Call Now

Call Now

Call Now

Blog

What To Expect In A Preliminary Hearing In A Divorce Case And Why Are They So Important?

What To Expect In A Preliminary Hearing In A Divorce Case And Why Are They So Important?

When most couples marry, they slowly and unwittingly merge their financial, business, and personal lives together. They may have a car loan on a car purchased for the husband, but as time goes on, it makes sense for the wife to drive it, such as if one car dies and the husband gets a company car. A joint account may be equally contributed to or each party’s paycheck goes into it and is used to pay for all bills. Parties, in fact, have rituals for who pays what and how the household is handled that are unsaid and unwritten but each knows what to do. However, when a divorce action is filed, it is often the case that these matters cannot be untangled quickly, but the parties cannot agree on certain necessary things while the divorce pends, such as who stays in the martial residence, and without agreement, the parties are forced to ask the court to have a preliminary hearing to make a temporary order. There is an entire section of the Dissolution Act covering provisional orders in dissolution and legal separation matters that can address any legal need you may have.1 This blog explores the common topics the parties ask the court to address on a temporary basis, how courts handle certain matters, and what you need to know to avoid falling into preliminary hearing pitfalls.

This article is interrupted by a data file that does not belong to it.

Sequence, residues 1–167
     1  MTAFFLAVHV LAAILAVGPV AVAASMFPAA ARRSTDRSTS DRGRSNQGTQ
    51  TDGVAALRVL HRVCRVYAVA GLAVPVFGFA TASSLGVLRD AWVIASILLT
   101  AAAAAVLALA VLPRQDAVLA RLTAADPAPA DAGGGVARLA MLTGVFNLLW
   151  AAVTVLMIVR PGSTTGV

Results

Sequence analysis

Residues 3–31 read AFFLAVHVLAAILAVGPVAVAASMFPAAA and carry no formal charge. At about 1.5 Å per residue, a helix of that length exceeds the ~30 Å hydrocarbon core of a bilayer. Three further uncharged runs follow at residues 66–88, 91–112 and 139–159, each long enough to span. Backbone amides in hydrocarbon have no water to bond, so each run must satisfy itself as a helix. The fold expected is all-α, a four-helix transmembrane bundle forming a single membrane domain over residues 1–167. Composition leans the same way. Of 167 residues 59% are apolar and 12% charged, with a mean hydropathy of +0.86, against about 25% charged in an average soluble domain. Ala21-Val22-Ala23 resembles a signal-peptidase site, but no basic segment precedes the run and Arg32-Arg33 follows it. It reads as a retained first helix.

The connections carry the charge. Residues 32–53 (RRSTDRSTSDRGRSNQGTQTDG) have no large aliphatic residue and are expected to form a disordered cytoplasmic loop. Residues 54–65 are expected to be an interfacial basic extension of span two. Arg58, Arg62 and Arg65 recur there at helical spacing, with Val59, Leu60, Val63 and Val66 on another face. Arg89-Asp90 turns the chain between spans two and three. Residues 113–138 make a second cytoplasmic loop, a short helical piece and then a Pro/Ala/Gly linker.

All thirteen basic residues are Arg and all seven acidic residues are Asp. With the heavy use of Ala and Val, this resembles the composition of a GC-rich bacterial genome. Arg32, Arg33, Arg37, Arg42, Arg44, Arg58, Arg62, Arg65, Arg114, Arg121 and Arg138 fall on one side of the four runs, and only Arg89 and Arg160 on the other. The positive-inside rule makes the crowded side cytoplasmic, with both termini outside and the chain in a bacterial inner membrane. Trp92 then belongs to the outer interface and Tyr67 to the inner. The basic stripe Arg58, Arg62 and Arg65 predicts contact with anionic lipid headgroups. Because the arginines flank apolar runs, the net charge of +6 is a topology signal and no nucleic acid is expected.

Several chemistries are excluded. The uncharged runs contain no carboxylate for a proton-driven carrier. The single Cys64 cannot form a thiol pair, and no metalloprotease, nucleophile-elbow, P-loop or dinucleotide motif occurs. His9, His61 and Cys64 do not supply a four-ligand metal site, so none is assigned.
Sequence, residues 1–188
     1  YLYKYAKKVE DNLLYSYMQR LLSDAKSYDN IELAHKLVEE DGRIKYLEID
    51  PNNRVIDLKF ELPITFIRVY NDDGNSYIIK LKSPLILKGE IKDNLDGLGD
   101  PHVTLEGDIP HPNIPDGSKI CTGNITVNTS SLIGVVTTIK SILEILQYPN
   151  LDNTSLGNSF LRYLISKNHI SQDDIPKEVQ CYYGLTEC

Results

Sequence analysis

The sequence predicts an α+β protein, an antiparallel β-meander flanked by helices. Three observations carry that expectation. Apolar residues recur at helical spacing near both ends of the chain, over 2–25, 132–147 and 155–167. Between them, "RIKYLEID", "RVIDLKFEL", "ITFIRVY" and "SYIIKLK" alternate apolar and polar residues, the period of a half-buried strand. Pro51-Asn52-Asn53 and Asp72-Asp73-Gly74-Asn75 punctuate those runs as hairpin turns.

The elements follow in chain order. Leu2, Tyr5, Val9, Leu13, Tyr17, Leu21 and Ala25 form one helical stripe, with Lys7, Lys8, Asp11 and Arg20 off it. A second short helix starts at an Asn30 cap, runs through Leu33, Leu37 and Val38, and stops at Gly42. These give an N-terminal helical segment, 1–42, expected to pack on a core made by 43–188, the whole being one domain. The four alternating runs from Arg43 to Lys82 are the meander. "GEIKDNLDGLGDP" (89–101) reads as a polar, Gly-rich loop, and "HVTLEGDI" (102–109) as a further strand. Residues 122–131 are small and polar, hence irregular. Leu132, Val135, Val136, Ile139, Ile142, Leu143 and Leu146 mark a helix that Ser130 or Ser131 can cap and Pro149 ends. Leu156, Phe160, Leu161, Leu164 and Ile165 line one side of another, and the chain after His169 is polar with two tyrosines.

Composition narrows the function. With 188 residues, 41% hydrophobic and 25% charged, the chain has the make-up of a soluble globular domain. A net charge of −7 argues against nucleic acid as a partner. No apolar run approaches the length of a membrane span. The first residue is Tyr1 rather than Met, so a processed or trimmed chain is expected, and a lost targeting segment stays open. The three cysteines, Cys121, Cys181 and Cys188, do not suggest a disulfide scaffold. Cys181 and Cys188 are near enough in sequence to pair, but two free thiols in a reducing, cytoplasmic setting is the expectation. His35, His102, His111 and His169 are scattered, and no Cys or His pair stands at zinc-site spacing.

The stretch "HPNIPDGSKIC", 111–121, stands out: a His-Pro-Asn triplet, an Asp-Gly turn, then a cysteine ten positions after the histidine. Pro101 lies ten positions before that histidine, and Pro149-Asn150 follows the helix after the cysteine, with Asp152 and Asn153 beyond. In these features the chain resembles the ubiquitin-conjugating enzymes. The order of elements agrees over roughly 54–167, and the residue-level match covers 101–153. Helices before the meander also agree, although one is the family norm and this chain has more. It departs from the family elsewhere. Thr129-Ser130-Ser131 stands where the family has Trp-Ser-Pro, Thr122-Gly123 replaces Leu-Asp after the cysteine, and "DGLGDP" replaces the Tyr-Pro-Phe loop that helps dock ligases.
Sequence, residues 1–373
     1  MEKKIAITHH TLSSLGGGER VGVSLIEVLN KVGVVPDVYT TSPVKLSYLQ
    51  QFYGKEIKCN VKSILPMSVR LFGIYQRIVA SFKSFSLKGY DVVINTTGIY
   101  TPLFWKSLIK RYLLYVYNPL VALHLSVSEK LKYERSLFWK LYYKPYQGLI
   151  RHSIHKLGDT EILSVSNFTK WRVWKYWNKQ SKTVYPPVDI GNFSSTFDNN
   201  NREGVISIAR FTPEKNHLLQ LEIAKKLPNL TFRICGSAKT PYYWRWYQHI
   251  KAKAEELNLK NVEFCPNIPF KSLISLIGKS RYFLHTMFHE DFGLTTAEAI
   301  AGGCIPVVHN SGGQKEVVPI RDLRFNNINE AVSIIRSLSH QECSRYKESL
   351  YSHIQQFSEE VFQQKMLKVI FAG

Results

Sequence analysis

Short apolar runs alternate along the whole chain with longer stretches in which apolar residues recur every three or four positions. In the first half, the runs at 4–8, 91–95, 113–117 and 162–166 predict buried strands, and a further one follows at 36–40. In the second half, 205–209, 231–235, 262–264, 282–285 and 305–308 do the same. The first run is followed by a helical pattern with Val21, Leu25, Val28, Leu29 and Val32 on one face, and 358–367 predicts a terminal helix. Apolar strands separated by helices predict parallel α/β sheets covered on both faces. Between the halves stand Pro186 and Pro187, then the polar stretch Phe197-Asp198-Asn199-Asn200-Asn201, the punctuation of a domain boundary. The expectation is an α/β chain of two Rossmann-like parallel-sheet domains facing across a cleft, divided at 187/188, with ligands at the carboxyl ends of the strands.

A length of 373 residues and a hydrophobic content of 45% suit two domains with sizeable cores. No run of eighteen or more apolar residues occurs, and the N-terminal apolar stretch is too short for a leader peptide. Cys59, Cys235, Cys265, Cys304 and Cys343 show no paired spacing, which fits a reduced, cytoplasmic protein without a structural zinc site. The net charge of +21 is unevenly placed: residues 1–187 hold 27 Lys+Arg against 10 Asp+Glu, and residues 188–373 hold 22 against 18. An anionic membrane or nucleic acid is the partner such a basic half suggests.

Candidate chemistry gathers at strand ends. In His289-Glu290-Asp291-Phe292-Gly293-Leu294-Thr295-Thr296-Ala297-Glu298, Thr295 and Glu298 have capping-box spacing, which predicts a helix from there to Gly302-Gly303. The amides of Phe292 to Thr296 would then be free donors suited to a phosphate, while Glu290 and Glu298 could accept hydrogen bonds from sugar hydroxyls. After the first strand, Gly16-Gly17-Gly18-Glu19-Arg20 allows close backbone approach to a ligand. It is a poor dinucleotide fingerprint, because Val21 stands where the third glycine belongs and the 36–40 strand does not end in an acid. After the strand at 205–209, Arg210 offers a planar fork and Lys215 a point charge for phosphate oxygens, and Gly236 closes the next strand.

After a divorce is filed, nothing changes. Each party is still entitled to the same access to the martial home and children. Unfortunately, the emotion of a divorce sometimes causes parties to act in ways that force a preliminary hearing. The most common examples are, when someone cleans out the bank accounts, takes the children and separates them from the other parent, and/or changes the locks on the house. Because this is an untenable situation, one party (usually the one locked out, who has not seen the kids, or has had all of his/her access to cash removed) asks for a preliminary hearing to address this situation.2 That said, although a provisional order is without prejudice to the rights of the parties or child as adjudicated at the final hearing as set forth by statute,3 all seasoned family law attorneys know that a court does not like to upset the stability of children and whoever obtains possession of the marital residence and/or physical custody of the children, in particular, is likely to maintain this and be awarded same at the final hearing. Thus, significant preparation for a preliminary hearing is key and sets the tempo for the entire case.